After I got married one month after finishing college, I knew that I had to make some changes. For me it was one thing to have credit card debt when I was a single college student, but as a recent college graduate and just married I knew that I didn't want to spend the rest of my life living pay check to pay check and with he heavy burden of debt. By the time I graduated from college, I had over $8,000 in credit card debt. To make matters worse, finding a job proved to be more challenging than I thought and I ended up just making a couple of dollars over minimum wage at my first post-college job.
My wife and I quickly started to apply all of our extra money to getting out of debt and saving money. Even when we received $2.00 rebates in the mail, we applied it to either savings or paying off debt. It took us about two years to pay off the credit card debt. Now, eight years later, we still have no credit card debt, both of our cars are paid off (and we don't intend of financing another vehicle again), and our emergency fund is at 65% of my annual gross income. 30% of our take home pay now goes towards our savings.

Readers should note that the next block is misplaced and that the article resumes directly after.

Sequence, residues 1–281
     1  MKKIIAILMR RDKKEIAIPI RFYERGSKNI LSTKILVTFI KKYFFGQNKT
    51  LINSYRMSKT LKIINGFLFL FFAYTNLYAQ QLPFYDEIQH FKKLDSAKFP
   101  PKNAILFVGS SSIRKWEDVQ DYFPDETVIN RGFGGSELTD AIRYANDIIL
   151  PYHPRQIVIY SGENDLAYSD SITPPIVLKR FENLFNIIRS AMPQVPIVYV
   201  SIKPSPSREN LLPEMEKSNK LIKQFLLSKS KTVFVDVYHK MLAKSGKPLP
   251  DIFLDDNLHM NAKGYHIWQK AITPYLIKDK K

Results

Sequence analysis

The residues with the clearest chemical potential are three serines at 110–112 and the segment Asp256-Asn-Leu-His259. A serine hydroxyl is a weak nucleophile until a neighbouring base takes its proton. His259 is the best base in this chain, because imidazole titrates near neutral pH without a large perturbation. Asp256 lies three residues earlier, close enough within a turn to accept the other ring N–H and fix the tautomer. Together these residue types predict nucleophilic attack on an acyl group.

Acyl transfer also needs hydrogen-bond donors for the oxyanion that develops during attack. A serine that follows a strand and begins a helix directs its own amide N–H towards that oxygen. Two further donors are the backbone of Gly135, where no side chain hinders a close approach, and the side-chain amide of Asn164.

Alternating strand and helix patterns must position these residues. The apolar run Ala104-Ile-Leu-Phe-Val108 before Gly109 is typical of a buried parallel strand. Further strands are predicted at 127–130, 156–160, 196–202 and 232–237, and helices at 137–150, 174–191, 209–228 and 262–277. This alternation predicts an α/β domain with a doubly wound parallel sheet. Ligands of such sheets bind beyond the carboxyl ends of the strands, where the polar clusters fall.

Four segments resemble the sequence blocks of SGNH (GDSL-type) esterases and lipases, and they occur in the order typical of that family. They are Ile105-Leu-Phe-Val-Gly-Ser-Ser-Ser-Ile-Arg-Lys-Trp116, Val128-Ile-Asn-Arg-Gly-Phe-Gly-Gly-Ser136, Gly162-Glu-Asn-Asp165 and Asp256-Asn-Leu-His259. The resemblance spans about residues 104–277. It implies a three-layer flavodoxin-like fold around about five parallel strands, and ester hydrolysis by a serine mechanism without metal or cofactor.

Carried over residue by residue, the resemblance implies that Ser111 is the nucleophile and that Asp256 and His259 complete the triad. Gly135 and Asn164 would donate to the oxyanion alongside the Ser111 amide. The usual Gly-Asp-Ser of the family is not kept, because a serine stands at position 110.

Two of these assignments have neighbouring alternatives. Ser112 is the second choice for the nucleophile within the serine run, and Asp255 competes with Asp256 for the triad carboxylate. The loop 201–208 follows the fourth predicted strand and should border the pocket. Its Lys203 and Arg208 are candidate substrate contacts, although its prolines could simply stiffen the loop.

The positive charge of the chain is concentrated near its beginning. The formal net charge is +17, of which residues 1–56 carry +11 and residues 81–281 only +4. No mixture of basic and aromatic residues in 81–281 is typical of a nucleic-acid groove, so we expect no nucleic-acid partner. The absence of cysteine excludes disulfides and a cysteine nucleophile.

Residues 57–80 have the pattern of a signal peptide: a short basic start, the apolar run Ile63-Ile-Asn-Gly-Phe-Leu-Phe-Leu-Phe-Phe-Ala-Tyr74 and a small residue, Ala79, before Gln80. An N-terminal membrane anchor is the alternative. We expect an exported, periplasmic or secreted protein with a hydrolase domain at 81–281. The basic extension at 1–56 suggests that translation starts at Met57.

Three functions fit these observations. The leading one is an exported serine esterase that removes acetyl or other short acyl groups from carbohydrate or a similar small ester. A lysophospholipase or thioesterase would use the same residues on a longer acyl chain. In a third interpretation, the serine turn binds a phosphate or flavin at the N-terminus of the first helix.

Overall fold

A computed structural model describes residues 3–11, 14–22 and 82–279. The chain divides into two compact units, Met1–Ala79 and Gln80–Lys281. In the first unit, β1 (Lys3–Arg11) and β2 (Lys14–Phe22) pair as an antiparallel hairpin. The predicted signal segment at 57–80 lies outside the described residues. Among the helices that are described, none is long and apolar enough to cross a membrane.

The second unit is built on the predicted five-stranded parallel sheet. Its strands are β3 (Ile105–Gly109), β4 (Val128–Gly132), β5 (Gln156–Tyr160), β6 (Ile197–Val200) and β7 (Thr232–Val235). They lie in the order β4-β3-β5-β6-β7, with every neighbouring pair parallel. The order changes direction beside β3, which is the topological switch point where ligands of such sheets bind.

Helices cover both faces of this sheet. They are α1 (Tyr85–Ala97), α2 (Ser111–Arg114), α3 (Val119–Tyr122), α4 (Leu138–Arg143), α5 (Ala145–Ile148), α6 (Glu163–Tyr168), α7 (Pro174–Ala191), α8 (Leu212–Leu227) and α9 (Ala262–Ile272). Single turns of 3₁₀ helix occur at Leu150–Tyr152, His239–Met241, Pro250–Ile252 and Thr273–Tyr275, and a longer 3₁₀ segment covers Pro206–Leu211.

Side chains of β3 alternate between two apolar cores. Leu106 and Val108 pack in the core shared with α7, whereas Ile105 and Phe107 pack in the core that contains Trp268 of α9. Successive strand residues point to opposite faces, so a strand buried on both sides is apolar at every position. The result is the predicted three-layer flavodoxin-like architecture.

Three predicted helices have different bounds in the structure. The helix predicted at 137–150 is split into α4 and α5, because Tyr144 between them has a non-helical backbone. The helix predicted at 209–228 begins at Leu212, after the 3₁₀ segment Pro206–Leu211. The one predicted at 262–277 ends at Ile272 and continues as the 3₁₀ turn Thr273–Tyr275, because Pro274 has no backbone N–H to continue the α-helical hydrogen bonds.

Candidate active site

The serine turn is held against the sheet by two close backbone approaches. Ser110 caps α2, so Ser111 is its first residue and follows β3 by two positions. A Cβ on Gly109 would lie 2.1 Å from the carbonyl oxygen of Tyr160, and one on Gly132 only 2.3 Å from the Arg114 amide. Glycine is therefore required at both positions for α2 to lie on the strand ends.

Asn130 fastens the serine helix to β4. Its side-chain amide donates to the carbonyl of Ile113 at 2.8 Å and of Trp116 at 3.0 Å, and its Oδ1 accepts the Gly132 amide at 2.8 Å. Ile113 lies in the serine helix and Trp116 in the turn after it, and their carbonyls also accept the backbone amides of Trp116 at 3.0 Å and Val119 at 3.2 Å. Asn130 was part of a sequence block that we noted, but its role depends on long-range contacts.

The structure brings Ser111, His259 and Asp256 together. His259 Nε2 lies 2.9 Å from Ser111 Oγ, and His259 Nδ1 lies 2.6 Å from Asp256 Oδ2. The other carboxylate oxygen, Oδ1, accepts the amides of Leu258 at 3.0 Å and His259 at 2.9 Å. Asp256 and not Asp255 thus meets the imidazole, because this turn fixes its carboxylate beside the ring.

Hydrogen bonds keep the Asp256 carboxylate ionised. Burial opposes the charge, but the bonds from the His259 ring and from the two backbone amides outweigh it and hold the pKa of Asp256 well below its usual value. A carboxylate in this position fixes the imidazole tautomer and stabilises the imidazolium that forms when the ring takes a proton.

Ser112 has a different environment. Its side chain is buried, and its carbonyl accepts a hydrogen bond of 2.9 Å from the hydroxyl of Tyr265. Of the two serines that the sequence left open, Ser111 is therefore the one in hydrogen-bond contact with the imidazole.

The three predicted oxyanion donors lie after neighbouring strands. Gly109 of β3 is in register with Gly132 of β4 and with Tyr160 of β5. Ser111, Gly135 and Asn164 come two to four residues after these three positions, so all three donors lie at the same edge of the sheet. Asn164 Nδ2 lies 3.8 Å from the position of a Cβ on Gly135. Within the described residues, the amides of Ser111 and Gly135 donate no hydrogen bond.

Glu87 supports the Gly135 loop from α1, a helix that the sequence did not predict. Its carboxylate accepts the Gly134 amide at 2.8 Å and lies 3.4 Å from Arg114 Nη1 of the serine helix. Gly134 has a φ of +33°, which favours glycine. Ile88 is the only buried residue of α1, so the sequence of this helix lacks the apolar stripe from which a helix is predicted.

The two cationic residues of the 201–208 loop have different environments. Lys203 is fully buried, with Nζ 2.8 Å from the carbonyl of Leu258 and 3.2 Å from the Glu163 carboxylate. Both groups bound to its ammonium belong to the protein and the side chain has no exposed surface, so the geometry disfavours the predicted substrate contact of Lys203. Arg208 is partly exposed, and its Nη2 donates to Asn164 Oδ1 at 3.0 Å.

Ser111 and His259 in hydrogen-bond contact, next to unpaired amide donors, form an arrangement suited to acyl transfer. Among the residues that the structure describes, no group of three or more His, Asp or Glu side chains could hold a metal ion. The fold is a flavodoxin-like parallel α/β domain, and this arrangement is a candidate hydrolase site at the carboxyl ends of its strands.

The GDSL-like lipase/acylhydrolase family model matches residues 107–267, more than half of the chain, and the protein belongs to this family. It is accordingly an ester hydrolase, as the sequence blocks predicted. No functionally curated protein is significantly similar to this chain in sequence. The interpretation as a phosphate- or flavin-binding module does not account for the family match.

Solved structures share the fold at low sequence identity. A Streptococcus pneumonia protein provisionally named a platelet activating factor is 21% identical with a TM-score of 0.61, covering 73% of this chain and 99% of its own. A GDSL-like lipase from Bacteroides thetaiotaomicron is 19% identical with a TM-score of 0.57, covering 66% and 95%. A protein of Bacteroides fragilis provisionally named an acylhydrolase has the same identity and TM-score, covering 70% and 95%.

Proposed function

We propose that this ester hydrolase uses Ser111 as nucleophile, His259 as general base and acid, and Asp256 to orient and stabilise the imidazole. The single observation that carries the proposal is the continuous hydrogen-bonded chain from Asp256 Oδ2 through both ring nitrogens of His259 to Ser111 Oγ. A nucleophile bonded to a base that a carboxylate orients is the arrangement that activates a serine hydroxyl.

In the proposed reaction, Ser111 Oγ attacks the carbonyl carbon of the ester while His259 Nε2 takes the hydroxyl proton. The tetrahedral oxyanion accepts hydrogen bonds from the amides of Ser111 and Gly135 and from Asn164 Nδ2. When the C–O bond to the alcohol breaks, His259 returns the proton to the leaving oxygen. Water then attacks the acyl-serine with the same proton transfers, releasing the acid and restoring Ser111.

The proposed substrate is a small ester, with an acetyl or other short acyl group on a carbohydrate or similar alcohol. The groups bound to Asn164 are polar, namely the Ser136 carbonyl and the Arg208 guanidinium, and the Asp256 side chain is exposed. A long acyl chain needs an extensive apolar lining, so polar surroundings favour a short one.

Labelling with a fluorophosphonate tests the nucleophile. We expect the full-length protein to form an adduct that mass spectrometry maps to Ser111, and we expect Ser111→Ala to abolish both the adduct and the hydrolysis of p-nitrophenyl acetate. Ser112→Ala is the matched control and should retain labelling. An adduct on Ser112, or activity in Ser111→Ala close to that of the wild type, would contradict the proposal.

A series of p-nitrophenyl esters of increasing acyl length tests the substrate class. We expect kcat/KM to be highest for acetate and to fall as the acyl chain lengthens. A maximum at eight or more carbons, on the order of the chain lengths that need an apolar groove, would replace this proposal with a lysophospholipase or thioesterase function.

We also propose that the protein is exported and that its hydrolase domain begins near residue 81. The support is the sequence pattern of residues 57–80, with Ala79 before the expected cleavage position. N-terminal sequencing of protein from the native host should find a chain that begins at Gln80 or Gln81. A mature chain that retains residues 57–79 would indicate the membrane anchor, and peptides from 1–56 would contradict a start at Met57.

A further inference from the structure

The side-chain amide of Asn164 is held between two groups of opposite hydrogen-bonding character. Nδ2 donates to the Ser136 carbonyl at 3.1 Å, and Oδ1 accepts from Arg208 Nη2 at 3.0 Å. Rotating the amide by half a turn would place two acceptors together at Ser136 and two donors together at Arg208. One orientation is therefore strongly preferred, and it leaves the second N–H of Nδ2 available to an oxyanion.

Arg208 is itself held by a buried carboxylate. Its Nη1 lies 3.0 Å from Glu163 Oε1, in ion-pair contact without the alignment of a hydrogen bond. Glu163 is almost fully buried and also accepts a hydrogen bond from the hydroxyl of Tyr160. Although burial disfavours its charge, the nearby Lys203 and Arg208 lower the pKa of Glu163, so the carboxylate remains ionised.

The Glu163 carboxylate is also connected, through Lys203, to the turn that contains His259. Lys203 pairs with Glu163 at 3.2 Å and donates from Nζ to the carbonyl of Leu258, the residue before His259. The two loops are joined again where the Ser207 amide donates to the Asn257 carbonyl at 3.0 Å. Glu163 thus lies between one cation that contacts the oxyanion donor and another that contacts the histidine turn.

We usually don't buy the latest tech trends like our peers do, but we also don't lie awake worrying about money. That's not to say that there isn't some balance to our lives. We do go out for entertainment and buy the material things that are most important to us, but we do this thoughtfully.
What people should know is that we aren't what I would consider high income earners, however, I believe we have more financial freedom and peace about our finances than a lot of high income earners have. This just shows you that more money doesn't necessarily bring you financial freedom. Discipline as well as a balanced attitude about money and things do though.
"I figure you have the same chance of winning the lottery whether you play or not."
Don't be passive about your finances: http://thefinancialreader.com